Stay kid focused
- Instead of making statements, which can be misinterpreted as demands, try framing as much as you can as a request.
- Ask his or her opinion
- Use nice words and kind behaviors. Be clear, calm and specific in your requests.
- Keep parenting issues separate from money issues
- Develop a written plan for conducting communication via telephone, fax, or e-mail.
- Move away from blaming and toward problem solving. Be honest, it’s not usually “all the other parent’s fault.”
- Be courteous and respectful even if you believe the other parent is undeserving.
- If you have trouble being courteous, imagine that the other parent is a close, friend and act toward your -spouse as you would toward a friend you really like. Impossible? Try it!
- Do not expect the other parent to read your mind or to meet your needs.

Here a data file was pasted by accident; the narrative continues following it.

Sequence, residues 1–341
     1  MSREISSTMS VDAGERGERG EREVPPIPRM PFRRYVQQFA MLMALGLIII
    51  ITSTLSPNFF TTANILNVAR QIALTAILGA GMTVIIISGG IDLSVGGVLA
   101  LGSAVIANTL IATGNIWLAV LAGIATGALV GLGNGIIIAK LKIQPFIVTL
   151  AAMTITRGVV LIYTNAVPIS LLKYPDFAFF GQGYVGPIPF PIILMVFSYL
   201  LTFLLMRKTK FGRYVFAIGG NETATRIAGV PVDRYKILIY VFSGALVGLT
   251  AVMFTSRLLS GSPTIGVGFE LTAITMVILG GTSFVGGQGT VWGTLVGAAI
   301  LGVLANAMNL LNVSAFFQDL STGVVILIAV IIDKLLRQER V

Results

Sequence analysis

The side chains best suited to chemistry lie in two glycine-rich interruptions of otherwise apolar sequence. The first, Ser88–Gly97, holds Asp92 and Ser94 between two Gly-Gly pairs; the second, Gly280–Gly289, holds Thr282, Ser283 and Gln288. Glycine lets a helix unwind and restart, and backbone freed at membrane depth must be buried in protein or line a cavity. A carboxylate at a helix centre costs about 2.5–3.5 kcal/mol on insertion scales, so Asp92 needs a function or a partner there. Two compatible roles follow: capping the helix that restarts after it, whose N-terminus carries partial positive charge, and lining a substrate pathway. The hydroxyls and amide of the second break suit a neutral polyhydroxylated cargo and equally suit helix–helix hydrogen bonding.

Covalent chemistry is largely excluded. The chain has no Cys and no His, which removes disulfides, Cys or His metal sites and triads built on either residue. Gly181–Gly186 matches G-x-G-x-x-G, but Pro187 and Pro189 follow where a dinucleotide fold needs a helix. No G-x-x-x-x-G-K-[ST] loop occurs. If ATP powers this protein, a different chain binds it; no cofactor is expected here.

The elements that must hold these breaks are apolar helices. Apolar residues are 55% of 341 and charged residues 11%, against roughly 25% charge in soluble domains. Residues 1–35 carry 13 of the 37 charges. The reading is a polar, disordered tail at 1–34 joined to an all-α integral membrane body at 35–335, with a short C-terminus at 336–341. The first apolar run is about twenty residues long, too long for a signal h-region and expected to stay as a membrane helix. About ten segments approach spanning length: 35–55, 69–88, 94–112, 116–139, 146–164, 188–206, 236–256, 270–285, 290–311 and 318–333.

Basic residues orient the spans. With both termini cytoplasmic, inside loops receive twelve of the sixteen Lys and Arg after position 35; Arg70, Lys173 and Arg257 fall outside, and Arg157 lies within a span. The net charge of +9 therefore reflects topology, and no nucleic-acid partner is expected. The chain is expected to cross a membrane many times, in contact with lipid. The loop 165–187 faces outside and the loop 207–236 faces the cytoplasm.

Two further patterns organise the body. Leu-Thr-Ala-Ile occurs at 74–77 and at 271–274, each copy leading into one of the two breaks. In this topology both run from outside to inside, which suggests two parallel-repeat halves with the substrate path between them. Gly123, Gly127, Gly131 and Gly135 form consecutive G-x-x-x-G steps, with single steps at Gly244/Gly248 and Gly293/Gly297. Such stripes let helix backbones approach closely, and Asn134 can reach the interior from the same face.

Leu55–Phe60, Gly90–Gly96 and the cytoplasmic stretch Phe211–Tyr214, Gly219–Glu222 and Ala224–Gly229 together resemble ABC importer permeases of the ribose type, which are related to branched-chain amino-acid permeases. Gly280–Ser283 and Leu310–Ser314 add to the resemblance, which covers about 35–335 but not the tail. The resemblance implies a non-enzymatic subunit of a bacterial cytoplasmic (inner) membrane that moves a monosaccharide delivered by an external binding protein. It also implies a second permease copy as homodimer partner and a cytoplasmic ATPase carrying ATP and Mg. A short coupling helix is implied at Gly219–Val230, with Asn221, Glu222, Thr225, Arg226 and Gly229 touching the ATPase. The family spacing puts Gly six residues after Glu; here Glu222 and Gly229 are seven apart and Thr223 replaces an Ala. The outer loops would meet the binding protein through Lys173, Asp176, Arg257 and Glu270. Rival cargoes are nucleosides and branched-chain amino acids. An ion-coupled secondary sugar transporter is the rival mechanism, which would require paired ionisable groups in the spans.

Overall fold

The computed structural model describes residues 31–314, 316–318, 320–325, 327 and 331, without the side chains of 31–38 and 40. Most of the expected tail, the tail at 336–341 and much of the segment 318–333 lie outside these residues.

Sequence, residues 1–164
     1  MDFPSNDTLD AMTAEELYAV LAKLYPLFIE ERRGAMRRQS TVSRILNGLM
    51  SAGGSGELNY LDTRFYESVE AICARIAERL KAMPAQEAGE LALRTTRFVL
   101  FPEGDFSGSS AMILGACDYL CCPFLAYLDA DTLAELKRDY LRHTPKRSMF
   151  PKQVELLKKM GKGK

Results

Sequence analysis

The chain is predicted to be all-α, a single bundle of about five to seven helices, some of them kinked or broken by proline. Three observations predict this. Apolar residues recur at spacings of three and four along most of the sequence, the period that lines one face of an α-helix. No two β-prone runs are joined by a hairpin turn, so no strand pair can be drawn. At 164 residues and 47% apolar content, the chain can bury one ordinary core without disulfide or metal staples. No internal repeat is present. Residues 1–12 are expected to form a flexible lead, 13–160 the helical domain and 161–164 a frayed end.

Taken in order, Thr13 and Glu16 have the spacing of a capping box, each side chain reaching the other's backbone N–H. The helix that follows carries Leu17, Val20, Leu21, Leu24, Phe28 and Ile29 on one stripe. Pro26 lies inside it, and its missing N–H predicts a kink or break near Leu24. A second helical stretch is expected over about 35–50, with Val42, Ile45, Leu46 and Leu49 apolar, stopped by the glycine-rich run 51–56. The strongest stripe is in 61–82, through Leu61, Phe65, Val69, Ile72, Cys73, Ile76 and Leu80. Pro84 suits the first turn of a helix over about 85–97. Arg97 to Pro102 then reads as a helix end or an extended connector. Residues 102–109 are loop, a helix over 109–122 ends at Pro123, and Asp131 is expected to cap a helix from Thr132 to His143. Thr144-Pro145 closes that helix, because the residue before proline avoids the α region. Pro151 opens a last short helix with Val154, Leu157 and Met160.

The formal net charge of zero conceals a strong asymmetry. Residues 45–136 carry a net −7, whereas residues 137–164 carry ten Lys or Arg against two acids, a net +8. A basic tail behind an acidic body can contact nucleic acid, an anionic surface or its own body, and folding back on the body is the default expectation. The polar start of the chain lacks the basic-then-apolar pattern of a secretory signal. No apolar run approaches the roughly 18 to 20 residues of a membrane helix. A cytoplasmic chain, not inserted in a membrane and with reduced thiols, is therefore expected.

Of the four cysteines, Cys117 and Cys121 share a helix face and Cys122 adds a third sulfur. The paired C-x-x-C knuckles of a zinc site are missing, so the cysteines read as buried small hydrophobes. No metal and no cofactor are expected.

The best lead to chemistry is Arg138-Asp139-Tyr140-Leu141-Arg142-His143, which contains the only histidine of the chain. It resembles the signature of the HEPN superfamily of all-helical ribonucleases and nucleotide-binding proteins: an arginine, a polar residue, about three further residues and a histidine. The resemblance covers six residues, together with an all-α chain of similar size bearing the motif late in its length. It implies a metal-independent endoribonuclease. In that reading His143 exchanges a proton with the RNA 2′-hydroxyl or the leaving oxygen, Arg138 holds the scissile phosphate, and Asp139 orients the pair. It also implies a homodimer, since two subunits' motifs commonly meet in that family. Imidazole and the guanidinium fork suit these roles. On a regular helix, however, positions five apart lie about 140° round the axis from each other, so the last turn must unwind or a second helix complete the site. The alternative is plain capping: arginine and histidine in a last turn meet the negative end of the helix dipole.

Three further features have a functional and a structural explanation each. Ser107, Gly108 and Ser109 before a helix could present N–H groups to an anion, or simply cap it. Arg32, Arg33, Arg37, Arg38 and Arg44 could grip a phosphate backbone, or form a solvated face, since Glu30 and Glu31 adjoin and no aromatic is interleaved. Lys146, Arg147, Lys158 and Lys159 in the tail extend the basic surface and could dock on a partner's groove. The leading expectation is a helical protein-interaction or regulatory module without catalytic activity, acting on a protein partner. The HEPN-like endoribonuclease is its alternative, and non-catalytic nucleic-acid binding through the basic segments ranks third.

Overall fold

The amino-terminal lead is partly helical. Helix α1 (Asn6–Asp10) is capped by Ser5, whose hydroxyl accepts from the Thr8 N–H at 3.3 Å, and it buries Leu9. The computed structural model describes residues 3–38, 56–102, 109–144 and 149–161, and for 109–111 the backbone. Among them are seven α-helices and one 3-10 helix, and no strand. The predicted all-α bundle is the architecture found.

- Don’t expect praise or appreciation from the other parent.
- Keep the children out of the middle of conflict.
- Be careful to monitor your language.
- You should think of your relationship with the other parent as a business relationship.
- Be patient.
- Be a voice of reason, not of agitation.
- Watch your language.
- Be clear, calm and specific in your requests.
- Speak politely not negatively about the other parent.
- Learn how to separate your role as a former mate from that of a parent.
- All email or text communications should be appropriate and respectful.
- Emails and text messages should provide either relevant information for the other parent (FYI) or invite the other parent into a decision-making process.
- No disparaging comments and complaints about the other parent should be included in the communication.
- If the email or text message is to encourage decision-making, the parent should try to conclude the email or text with a question like “what do you think?” in order to encourage collaboration.